Li Feng At Mandarin Oriental Hotel- The Most Ravishing Cantonese Restaurant
Eve Lovelle was invited to dine as guest at Li Feng – Mandarin Oriental Hotel
Mandarin Oriental proudly presents Li Feng, the most ravishingly lavish Cantonese restaurant in Jakarta. Li Feng’s existence has only been merely over a month and it is situated across the well known French resturant, Lyon. The space is culturally embedded inspired by the voyage history and spices trade between China and the old Jakarta, Batavia. The idea was incorporated into the interior of the place featuring hand made crystal glass arts on walls and ceilings, and detailed mapped paintings.
Every dish Li Feng crafted was masterfully planned and executed. Not only do the dishes excel in quality, but they are impeccably stunning with every utensil specially imported and hand-picked to visually elevate the appearance of the dish. The various Cantonese specialties offers an authentic outtake of flavours, pecked with a modern twist towards the presentation of the dish.
The masterminds behind Li Feng were talented Chef Fei and Chef Loy. Chef Fei has been recognised as one of the most notable young prodigy of China’s culinary world, and he is also the man behind the celebrated Jiang at Mandarin Oriental in Guangzhou, China. Chef Fei’s has won awards for his creative innovations, and was recently titled as The Best Chef In China 2016. Chef Loy established his career in Singapore but has taken over Mandarin Oriental Jakarta. He has more than a decade of experience working in fine dining settings, and he is also part of the Singapore’s Chefs Association and Chaîne des Rôtisseurs. Every dish evolves directly from the use of fresh ingredients to get the most out of the natural flavours that they believe would delight customers.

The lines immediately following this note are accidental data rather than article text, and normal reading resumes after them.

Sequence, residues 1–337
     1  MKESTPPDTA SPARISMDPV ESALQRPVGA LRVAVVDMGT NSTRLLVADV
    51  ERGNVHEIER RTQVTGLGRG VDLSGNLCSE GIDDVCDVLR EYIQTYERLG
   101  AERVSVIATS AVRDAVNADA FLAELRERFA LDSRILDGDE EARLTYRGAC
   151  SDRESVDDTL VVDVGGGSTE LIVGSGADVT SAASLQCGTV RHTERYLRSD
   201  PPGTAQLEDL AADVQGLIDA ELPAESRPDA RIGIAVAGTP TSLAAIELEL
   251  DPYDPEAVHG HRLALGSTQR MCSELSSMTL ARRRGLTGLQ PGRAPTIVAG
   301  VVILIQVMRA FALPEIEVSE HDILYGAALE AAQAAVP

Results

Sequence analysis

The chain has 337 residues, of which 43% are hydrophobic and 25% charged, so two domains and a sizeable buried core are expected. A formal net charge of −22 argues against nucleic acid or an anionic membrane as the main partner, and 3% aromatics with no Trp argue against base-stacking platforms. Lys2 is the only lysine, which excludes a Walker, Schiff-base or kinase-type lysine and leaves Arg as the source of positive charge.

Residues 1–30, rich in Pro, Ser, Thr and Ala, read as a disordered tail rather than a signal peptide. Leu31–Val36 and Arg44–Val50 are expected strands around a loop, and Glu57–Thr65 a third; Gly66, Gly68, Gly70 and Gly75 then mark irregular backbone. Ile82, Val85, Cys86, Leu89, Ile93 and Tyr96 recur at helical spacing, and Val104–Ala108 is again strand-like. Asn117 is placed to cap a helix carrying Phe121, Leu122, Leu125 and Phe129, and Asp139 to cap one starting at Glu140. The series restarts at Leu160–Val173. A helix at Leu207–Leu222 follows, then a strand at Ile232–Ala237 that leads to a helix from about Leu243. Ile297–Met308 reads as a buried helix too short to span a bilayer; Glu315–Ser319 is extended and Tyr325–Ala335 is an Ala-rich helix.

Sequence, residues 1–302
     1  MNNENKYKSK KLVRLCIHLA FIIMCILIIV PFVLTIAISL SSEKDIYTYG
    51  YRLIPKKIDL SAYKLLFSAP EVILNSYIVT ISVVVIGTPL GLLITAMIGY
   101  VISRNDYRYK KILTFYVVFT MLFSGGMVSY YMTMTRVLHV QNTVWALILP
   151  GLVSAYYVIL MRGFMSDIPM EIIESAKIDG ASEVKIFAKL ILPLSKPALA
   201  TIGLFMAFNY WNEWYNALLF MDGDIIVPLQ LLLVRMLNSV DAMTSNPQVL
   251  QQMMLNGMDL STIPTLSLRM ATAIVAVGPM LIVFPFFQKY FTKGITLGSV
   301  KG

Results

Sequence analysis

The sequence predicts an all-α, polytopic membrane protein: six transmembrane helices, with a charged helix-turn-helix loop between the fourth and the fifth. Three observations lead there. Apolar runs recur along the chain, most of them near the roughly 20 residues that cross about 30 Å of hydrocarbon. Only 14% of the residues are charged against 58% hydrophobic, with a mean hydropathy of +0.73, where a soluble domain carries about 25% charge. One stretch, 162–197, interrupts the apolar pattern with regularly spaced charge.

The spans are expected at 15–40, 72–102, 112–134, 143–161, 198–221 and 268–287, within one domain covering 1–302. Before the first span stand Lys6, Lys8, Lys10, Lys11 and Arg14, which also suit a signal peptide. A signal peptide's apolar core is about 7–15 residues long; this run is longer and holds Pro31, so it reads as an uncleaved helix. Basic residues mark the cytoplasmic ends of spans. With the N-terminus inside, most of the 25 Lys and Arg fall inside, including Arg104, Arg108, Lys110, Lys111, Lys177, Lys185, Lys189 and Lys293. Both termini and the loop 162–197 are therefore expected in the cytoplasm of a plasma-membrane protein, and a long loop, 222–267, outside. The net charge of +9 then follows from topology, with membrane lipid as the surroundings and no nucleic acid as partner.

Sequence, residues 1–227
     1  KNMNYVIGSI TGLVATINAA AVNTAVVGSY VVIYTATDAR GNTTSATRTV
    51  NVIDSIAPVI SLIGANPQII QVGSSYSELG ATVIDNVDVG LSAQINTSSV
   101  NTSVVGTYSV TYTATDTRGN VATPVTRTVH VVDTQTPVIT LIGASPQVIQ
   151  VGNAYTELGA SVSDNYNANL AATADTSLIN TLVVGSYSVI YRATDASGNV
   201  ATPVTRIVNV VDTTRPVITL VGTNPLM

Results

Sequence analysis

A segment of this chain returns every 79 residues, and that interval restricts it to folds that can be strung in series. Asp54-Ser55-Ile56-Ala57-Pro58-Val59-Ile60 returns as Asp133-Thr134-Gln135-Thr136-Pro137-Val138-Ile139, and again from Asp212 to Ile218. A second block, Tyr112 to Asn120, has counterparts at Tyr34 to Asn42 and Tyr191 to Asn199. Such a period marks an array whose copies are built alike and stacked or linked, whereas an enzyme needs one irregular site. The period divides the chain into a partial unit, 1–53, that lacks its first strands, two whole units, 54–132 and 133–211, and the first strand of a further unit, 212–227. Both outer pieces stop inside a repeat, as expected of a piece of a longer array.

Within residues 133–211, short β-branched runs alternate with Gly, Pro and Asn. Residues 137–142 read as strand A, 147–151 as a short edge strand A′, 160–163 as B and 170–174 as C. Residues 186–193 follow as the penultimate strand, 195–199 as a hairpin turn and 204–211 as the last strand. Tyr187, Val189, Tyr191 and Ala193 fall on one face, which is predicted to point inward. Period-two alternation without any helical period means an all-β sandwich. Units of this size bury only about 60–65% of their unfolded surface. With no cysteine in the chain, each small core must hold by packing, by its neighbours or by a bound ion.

Our first entrée were dumplings that came in a personalised bamboo case. Both were a rich start to get our tongues down rolling, the Scallop dumpling was perfect in all its ingredients without superfluous elements. Unfortunate that I quite abhor the taste of squid ink though how mildly flavoured it was on the dumpling skin. I still very much enjoyed the inserts of seafood mince within. We dipped them in homemade chili that you can ‘optionally’ purchase if you request, its great for home use for any Chinese based cooking.
An outstanding dish was this in particular, the crisp and salted flavour brings you the high. The dish presents a proprietary blend of not just salted egg but also various spices with aroma extracted out of the curry leaves. Simple dish with superlative flavours – ‘we were already intrigued by now.